Four separate post-processing corrections were applied to the DSC CBF maps: no corrections, PV correction only, BB correction only, and both PV and BB corrections. PV was defined as the ratio of the area under the AIF and the VOF curves (), using trapezoidal integration. These timecurves were sampled over the entire scanning period, with only the post-contrast segment contributing to the area (as the mean tracer concentration before bolus arrival is by definition zero). Corrections for the BB quadratic relaxivity relationship (described below) were applied before deconvolution. Given the linear relationship between the AIF underestimation and CBF (22
), the DSC CBF maps were multiplied by the PV level in each patient, such that PV correction led to reduced CBF.
Figure 1 (a) Example of the automated selection of AIF (red) and VOF (blue). Only 4 of 12 slices are shown, as these were the locations of the chosen AIF and VOF. (b) Concentration versus time curves. In this particular patient, the amount of AIF partial volume (more ...)
BB correction was performed according to references (13
). For the uncorrected images, a linear relationship between relaxivity and concentration was used for both the tissue and vessels (AIF and VOF) (13
where r = 0.044 (ms mM)-1
. For the BB corrected maps, a quadratic relationship was used for the AIF and VOF (13
where a = 7.6 × 10-3 (ms mM)-1 and b = 574 × 10-6 (ms mM2)-1, while the linear relationship in Eq. 2 was applied for tissue. BB correction leads to a relative increase in the estimated AIF concentration, resulting in decreased calculated CBF.
Within patients CBF measurements
Rigid body rotation based on mutual information using SPM2 (University College of London, available at www.fil.ion.ucl.ac.uk/spm/software/spm2
) was used to co-register the MR and CT images. A 1 × 1 cm square grid were laid over each of the 4 slices, resulting in about 125 individual 1 cc ROIs per slice, such that each patient's mean CBF measurement was calculated as the mean of about 500 small cubic ROIs. Voxels belonging to the ventricles and cortical sulcal CSF were excluded by manual thresholding the diffusion-weighted images. In each patient, scatterplots of the individual DSC and xeCT CBF ROI yielded slope, intercept, and correlation coefficient.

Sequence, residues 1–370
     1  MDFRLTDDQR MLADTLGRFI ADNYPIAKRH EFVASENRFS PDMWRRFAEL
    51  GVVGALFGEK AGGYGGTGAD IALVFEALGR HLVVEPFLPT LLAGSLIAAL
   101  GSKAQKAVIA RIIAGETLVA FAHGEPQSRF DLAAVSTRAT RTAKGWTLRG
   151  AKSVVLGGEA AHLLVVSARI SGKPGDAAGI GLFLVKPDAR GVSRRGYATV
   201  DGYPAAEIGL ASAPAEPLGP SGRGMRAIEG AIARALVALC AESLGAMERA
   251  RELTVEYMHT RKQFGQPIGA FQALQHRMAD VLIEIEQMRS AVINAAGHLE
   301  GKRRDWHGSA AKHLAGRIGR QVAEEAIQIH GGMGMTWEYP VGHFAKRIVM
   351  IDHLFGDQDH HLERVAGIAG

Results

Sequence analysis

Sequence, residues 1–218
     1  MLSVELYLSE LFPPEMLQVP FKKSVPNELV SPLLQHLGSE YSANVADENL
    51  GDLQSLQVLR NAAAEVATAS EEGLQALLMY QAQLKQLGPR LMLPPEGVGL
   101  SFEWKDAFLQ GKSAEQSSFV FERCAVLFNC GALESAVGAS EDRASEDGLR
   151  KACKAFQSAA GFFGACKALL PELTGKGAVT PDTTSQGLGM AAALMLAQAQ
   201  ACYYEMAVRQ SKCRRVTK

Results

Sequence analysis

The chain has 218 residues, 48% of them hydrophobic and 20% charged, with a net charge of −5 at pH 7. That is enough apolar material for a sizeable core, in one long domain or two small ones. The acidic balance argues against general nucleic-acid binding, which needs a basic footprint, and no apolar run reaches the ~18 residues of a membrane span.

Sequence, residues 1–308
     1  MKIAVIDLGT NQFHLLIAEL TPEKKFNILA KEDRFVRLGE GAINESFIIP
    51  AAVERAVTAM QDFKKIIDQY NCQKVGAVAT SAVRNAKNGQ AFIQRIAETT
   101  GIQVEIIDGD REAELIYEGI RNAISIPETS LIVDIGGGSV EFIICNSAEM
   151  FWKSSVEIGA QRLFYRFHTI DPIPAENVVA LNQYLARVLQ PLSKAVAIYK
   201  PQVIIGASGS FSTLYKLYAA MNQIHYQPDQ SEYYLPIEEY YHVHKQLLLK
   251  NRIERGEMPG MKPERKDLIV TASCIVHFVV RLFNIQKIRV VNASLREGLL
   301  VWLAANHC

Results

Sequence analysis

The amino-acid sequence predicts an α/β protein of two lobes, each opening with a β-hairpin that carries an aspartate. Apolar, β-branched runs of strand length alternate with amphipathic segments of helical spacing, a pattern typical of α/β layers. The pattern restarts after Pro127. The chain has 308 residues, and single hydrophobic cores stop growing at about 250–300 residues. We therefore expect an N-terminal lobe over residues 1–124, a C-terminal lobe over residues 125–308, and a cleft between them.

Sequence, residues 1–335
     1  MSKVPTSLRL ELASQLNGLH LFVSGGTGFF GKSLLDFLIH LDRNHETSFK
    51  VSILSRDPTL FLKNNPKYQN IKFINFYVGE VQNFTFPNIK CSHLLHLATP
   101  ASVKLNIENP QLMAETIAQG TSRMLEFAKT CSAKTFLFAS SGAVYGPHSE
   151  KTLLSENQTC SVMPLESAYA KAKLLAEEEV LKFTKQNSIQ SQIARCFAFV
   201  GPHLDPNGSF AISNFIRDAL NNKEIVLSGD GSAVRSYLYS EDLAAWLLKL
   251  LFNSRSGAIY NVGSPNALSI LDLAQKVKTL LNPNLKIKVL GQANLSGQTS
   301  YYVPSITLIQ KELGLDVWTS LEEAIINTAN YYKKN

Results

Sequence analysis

Between patients CBF measurements
To compare between patients, we chose to examine the global CBF, which we define as the mean CBF of all voxels within the co-registered volumes, as this will be independent of intrinsic spatial resolution. It should be noted that this represents a subset of the entire MR CBF dataset, since it covered a larger volume of brain than the xeCT measurements. For each patient, this yielded a single xeCT measurement and 4 separate DSC measurements, corresponding to each of the correction methods described above. To compare the two measurements, the CBF ratio was used:
Ideally, this value should be 1, representing exact correspondence (i.e., no bias) between the two techniques.
Once the CBF ratios for each of the post-processing conditions were calculated for each patient, comparisons between patients were performed. The precision of the measurement was measured using the coefficient of variation (COV), also known as the normalized between-patients standard deviation:
where the overbar represents the mean of all patients. A low COV represents a more precise measurement. Finally, linear regression was performed between the xeCT and each of the separate DSC CBF measurements.
Bland-Altman plots were created using the xeCT CBF (gold standard) measurement as the x-axis. Mean difference and 95% limits of agreement are reported. To assess for possible bias in the measurement based upon underlying xeCT CBF, we created rank-ordered maps. To test the significance of the global xeCT and various MRI-based CBF measurements in different patients, we have calculated the simple Pearson correlation coefficient and the corresponding p-value.